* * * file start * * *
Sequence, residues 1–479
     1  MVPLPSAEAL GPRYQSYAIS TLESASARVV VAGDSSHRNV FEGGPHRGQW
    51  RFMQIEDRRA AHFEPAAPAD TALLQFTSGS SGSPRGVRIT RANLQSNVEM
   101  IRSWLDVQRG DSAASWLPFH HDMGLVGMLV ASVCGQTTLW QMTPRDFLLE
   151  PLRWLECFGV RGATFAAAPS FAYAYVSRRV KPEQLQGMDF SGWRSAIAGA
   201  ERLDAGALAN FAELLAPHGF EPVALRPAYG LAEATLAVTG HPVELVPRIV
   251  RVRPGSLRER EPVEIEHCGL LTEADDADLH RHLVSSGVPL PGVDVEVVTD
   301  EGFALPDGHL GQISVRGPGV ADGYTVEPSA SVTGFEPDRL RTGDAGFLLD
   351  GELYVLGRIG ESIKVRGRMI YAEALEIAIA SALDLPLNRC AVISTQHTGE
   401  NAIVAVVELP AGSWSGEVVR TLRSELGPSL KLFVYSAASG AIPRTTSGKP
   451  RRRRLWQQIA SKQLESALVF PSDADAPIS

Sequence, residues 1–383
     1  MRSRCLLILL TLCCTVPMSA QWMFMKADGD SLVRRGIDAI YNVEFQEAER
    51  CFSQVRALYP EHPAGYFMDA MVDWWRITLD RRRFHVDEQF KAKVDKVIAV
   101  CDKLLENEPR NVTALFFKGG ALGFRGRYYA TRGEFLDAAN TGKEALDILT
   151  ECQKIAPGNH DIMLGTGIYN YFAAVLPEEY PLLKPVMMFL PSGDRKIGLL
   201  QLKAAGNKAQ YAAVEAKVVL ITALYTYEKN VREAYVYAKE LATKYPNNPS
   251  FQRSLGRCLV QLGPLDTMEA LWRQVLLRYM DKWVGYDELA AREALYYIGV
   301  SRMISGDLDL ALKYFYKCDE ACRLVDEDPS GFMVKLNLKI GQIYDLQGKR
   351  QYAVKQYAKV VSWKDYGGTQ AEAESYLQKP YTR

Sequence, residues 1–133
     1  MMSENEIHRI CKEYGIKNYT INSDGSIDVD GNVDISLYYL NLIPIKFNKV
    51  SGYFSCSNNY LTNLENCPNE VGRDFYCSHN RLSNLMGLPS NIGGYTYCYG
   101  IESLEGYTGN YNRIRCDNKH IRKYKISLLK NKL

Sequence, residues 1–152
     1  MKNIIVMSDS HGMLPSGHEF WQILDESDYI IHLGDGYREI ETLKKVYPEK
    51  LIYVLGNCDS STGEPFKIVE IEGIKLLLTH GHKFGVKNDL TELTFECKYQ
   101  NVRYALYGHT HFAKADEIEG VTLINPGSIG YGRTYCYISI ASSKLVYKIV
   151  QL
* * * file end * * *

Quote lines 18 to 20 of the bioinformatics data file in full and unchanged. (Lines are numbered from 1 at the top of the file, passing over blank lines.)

   251  FQRSLGRCLV QLGPLDTMEA LWRQVLLRYM DKWVGYDELA AREALYYIGV
   301  SRMISGDLDL ALKYFYKCDE ACRLVDEDPS GFMVKLNLKI GQIYDLQGKR
   351  QYAVKQYAKV VSWKDYGGTQ AEAESYLQKP YTR